While Apple users scurry online to order the new Apple Watch, you would think Android phone users will be left behind with the current crop of Android-based smart watches.
Not so. As reported in The Korea Herald this week, Samsung is planning to release a Gear 2 stand-alone variant with the ability to receive and make calls and receive notifications without the need of a smart phone. Names like Samsung Gear Solo are surfacing in the rumour mill but Samsung patent filings for “Gear Solo” to the Korean IP Office kinda spills the beans.
Although slated for initial release in Korea, I have heard enough from other sources to indicate it will also reach North American shores, perhaps by summer.
SAN FRANCISCO-ARRIL 8, 2015
Today Dell launched the Venue 10 7000, a premium tablet with detachable full function backlit keyboard with multifunction mouse-like touch pad. Available in Canada, the US and China in early May for $599 CDN and with keyboard currently $600 (US PRICE ONLY) with keyboard, the Venue 10 will incorporate its own Dell security work features on top of Google’s Android for Work which comes with Android 5 (Lollipop) OS. The Venue 10 (and other Lollipop Dell upgadable Android Tablets) can run both work and personal apps on the same device. But each will be separate from each other. For example, an employer would be able to wipe out an employee’s work apps from the their Venue 10, leaving personal files intact. Dell demonstrated other security features like not being able to screen capture mixed work and personal content on the same 10-inch multi-angle view 2560×1600 Venue screen.
Despite today’s sophisticated smart phone cameras, I still like to take more serious camera hardware along when I travel.
Why? Because a 16 megapixel cellphone picture is not the same as a 16 megapixel quality mirrorless or DSLR with interchangeable lenses.
Why? Picture sensors on phones, with the exception of the Sony Xperia Z3, are half the size of your pinky fingernail. Compare that to the postage size sensors of interchangeable lens cameras like the Sony NEX, Samsung NX, Fujifilm X, Olympus Pen and bulkier DSLR cameras.
Physically larger sensors record richer colours, more detail in shadows and less noise at higher ISO settings.
Phone cameras have no real zoom lens. They basically shoot wide angle photos with the ability to zoom in closer, but at the expense of megapixel size and quality. This means phone cameras can’t shoot from far away like zoom lenses on real cameras. Nor can they shoot extra wide angle photos.
The lens on a smart phone has one aperture, typically f2, leaving the shutter speed to control the picture’s exposure. Due to the physically small size of the picture sensor, the depth of field on smartphone pictures is quite large (making near and far subjects look just as sharp) and cannot be changed. Again, zeroing in on closer objects, or portraits with an out of focus background is impossible to do with phone cameras.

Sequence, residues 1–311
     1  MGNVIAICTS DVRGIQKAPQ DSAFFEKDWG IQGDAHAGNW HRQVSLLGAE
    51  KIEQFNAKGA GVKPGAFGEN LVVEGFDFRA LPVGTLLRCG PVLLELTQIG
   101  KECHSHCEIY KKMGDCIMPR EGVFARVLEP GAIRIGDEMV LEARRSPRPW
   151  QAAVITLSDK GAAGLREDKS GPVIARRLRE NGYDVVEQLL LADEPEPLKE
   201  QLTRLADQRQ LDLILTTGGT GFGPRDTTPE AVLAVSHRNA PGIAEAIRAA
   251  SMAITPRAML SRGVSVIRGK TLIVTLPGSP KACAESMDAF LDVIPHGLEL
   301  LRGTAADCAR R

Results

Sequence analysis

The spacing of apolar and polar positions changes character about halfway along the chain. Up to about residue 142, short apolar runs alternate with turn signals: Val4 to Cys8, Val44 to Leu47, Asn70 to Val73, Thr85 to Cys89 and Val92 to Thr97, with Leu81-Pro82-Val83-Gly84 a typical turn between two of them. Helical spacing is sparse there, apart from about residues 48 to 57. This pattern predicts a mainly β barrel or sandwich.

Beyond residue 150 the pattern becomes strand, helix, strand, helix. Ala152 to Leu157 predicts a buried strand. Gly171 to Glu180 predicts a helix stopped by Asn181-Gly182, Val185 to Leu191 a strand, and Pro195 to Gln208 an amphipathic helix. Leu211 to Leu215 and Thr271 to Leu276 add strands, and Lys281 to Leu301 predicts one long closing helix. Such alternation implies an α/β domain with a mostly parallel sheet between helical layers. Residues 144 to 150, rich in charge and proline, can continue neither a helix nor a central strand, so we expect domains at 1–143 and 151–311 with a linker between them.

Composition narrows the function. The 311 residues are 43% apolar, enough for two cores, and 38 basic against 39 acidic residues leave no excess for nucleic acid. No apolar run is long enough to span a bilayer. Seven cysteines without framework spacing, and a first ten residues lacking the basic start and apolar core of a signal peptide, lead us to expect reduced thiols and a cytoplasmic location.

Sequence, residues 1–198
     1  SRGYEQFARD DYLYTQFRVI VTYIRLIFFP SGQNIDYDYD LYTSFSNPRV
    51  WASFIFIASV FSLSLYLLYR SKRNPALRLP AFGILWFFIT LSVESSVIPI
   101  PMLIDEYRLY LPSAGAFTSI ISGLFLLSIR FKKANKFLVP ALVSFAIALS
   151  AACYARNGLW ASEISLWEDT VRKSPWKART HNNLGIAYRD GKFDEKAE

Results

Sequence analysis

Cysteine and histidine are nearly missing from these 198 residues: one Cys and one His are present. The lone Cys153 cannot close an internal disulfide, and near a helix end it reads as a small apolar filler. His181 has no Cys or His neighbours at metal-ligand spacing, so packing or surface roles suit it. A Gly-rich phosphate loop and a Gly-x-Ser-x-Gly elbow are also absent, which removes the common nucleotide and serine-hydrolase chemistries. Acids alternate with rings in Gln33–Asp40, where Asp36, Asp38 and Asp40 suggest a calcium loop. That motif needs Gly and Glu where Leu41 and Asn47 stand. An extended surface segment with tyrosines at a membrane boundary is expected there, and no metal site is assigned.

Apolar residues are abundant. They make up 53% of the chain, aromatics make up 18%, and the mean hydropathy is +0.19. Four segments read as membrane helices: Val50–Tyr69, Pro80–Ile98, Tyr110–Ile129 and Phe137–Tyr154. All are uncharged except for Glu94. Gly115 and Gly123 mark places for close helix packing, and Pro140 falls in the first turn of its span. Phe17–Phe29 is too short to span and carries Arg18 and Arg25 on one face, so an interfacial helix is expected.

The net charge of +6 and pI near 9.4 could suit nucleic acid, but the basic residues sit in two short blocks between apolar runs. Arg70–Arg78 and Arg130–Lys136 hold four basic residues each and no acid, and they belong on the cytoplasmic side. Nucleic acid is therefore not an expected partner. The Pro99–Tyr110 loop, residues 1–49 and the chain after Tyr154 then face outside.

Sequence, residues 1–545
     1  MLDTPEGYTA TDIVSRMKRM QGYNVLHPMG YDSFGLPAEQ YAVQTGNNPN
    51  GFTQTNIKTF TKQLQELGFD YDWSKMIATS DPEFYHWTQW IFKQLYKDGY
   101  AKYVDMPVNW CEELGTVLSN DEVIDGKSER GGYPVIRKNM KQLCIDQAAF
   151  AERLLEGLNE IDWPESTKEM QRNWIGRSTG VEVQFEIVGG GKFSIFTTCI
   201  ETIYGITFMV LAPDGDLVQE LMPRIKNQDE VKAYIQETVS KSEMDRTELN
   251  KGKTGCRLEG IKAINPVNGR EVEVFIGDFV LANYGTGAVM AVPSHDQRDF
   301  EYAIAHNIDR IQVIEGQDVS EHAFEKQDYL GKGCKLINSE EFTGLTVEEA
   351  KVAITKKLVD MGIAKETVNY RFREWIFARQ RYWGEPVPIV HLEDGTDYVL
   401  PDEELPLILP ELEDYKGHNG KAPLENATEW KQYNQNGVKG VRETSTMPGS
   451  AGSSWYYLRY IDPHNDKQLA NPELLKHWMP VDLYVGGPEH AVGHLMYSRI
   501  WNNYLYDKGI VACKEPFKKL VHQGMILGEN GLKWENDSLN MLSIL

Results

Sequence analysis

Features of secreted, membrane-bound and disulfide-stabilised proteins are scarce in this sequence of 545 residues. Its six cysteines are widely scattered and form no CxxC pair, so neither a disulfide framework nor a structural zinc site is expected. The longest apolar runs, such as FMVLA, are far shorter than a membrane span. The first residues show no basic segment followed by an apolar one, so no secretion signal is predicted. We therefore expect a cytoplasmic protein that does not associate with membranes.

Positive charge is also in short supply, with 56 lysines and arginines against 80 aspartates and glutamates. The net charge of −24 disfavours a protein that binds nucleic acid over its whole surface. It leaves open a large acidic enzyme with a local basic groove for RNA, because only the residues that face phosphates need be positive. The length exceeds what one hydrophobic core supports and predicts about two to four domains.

Phone cameras are best at quickly recording personal moments near you. They are small and handy, but there are images further out that are worth capturing beyond your personal sphere.
Here are examples of “tourist” photos I recently took in Barcelona after the Mobile World Congress I reported on my Global TV Sunday Morning News today.
They were shot with a 16 MP Samsung Galaxy Note Edge and the Fujifilm weather resistant 16 MP X-T1 with top tier fast aspherical extra wide angle XF 10-24 mm f4 zoom which captures 3 times as wide a view as normal lenses, the new 16-55 mm f2.8 aspherical weatherproof and the 18-135 mm f3.5-5.6 aspherical zoom, also weatherproof, for my ultra-zoom close-ups.
See the first group of still impressive quality Note Edge pictures, unbeatable selfies, great panoramas and medium wide angle views. Compare the variety of wider and tight telephoto views shot with the X-T1.
My selfie above, from CES 2006 in Las Vegas got me into thinking about what technology is all about. Especially after having attended similar shows for the past 25 years or so.
The word technology has Greek origins, combining “craft” and “discourse” a lot of which happens at every Las Vegas CES event. It plays itself out in many ways in four days and nights of events in Las Vegas , press conferences, walkabouts, personal meetings, and hands-on on what might show up in store shelves.
The CES 2006 “technology” playing field was much different than today. The BlackBerry smartphone had the North American market to itself with its “CrackBerry” line while Korean, Japanese and US tech giants still showed flip phones. The first Apple iPhone was a year away to be followed by the first Android phone in 2008.